By Bruce Collier
When I was assistant manager of a wine and cheese store, long ago, we used to stock some wines from Spain. One, “Sangre de Toro (Bull’s Blood),” sported a plastic black bull on a ribbon around the neck. Another—reportedly a favorite of Ernest Hemingway—was “Banda Azul” (Blue Band). Both were under $10. The Banda was from Rioja (ree-OH-hah), a region in the northeast of Spain, close to the French border.
Rioja wines have been in production since the 1100s, with periods of scarcity. The most recent was in the mid-20th century, when the effects of civil war and famine forced the government to order vineyard lands planted with wheat. Eventually the region rebounded, and by the 1970s was producing world-class wines, notably reds.
The grapes used in Rioja reds include Tempranillo (chiefly), Garnacha, Mazuelo and Graciano. The principal white grape is Viura.
Rioja wines come in four categories—basic Rioja, Crianza (aged minimum one year in oak), Reserva (minimum three years, at least one in oak), and Gran Reserva (in selected years, minimum two years in oak, three years in the bottle).
Rioja wines are bold, fruity, deep, but refined, and there’s not a Thanksgiving or Christmas meal in the world that they can’t match. Yes, I know turkey is a fowl, and we are told to pair white wine with fowl. But who eats holiday turkey without well-seasoned dressing? Or cranberry relish, bread, potatoes and other root vegetables, usually sauced or laced with gravy and butter? Or cheese and cured meats on those pre-dinner “snack” platters?
You need the kind of wine that Hemingway would arm-wrestle you for. For this article, I tried four kinds of Rioja—one white, three red. All are available locally.
Cune’s C.V.N.E. Rioja Blanco 2016 Monopole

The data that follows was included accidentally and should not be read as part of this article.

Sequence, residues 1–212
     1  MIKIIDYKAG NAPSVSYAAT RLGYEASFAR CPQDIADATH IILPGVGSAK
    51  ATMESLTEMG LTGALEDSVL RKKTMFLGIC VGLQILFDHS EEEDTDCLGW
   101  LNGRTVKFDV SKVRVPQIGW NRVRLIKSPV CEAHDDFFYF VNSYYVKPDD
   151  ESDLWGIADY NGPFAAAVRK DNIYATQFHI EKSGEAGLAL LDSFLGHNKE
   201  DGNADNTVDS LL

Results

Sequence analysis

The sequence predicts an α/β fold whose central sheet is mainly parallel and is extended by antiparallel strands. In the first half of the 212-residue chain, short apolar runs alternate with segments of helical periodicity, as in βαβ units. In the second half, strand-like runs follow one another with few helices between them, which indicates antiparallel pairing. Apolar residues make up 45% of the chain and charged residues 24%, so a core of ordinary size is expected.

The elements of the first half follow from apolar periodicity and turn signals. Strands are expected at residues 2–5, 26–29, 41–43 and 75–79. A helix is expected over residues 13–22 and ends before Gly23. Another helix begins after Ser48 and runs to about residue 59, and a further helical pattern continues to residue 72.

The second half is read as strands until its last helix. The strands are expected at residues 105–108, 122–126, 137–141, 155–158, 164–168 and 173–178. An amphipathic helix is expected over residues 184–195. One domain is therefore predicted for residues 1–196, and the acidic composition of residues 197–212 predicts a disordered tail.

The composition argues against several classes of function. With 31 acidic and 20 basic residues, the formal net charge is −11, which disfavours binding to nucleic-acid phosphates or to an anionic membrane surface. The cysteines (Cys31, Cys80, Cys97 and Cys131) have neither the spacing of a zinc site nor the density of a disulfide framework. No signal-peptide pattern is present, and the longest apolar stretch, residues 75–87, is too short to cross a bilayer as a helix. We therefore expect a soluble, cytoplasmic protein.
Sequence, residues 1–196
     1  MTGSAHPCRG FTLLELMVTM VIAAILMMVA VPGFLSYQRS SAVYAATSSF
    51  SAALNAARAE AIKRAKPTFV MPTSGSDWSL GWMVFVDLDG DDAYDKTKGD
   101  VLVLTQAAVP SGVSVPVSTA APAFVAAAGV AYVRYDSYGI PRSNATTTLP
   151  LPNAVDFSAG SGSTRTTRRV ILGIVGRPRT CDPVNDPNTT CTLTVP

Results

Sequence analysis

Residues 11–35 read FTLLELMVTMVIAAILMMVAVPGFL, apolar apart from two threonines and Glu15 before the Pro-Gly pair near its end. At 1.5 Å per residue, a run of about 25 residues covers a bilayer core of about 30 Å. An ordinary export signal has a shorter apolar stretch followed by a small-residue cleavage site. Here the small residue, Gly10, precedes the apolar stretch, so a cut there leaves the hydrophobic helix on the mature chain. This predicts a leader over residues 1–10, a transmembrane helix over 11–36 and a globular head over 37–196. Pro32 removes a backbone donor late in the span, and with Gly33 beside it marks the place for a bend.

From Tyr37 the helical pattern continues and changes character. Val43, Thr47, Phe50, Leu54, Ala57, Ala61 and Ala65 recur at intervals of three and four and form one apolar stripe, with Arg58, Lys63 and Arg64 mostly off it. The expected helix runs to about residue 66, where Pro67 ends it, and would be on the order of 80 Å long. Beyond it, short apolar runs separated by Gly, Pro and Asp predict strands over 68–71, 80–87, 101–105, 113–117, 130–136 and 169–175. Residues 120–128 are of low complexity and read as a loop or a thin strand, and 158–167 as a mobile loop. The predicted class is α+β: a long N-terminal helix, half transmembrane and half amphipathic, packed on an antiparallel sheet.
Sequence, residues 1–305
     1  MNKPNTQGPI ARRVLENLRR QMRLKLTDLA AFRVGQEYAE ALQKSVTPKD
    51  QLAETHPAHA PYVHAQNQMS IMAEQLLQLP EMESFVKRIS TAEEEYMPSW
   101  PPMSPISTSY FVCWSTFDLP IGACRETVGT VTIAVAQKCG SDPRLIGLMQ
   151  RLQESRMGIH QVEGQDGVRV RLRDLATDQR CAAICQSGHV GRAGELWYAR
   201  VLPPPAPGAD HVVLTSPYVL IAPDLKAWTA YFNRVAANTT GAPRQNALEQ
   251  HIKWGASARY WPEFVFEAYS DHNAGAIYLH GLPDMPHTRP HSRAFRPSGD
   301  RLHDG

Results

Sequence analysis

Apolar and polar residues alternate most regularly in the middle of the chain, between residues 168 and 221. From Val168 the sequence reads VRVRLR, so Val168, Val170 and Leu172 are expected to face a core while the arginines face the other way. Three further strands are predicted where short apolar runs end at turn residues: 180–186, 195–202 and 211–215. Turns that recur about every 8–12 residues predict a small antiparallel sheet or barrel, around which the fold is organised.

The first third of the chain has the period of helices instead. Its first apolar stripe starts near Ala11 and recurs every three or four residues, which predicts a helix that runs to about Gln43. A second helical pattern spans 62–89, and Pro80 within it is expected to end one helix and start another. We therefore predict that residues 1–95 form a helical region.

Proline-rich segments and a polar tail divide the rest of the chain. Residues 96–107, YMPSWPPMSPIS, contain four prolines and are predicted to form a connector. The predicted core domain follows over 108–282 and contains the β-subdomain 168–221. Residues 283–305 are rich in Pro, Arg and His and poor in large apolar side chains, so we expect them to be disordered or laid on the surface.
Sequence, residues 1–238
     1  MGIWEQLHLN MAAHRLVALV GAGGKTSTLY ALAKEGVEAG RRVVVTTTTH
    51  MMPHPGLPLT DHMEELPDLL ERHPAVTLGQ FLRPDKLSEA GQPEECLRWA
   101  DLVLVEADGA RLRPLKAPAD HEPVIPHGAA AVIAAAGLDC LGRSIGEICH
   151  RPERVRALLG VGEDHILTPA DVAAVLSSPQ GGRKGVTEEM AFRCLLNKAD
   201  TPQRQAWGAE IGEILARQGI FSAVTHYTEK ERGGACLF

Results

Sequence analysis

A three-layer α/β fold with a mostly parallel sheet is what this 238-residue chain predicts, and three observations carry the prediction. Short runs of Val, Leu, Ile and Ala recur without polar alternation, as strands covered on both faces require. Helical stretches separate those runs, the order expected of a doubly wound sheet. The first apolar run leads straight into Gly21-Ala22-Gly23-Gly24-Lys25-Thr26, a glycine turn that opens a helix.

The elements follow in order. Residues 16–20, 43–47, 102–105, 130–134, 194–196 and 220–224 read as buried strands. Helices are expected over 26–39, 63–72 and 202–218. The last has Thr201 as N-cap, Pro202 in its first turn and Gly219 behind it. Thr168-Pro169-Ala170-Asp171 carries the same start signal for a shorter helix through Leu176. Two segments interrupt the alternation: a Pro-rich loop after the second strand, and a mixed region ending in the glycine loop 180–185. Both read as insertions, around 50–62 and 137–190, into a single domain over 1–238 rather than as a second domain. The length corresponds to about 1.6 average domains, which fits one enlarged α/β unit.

This is a white wine, served chilled. C.V.N.E. stands for Compania Vinicola del Norte de Espana. DOC (Denominacion de Origen Calificada) Grape is mainly Viura. The color is pale yellow, greenish tint, with a fruity, mildly floral aroma. It’s fresh and cooling, though at 13% (higher strength than many comparable German white wines that weigh in at 7 or 8% ABV) it makes its presence known early. Taste is citrusy, lemon-lime, tart Granny Smith apple, slightly more fruity and less dry as it loses the chill.
With roast chicken and potatoes: the chicken was served with mango ginger chutney, which brought out a peppery spiciness in the wine, and the acidity balanced out the butter in the potatoes.
C.V.N.E. Rioja Crianza Vina Real 2014
13.5 % ABV
Made from Tempranillo grapes, from vineyards in LaGuardia and Elciego (Alava). Rich, purplish red color. Sour cherry, dark berry, plum-peel nose. Very fragrant. Taste—dark plum and blackberry jam. Warm, medium body, velvety, not overly tannic. With more time in the glass the fruitiness comes forward, more pronounced and mouth-filling. Medium finish but smooth and satisfying.
With spicy meat and cheese pizza: strong balance to the peppery meat and cheese. Good all-around red wine, doesn’t cost a lot but doesn’t have that raw, “red ink” quality of some cheaper wines.
Bodegas Muga Rioja Reserva 2014
Dark red, almost purple/black color, a black hole of a wine. Sour cherry, dried plum, raspberry and slight vanilla aroma. Taste is richly and brightly fruity, plush, full bodied, fleetingly sweet. Velvety and delicious, puckers like fresh berries. Long finish, spice and black pepper, begs for another sip.
Even though it’s 14% ABV (highest ABV of the four I tasted), it’s more of a gradual warmth than a burn.
Tasted with Manchego cheese, olives, almonds, cured pork (capocollo) octopus in oil, mushrooms sautéed in olive oil and garlic, and bread. Works companionably with the slightly oily sheep milk cheese, balances the slight sharpness with fruit. Salty almonds and olives countered by the tangy fruit. Creamy, oily, salty and crunchy, meaty, and fishy, garlicky bread—the wine stood up to all of it, pulling it together.
Faustino I Gran Reserva 2005
Blend of Tempranillo, Graciano and Mazuelo grapes. Color—brick red on the edges, clear dark reddish purple. Aroma—fruity but a little more austere than the Muga Reserva; slightly musty vanilla/wood scent. Citrus—orange and tangerine peel. Taste—mouth-filling, tart raspberries, sour cherry pucker, full, juicy finish.
Drank it with chicken cooked in honey and balsamic vinegar, root vegetables, more mushrooms in olive oil and garlic. Honey and vinegar is an even match with red wine.
All the above reds are robust, powerful but elegant, dangerously quaffable. Get two bottles in case the Hemingways turn up for dinner.
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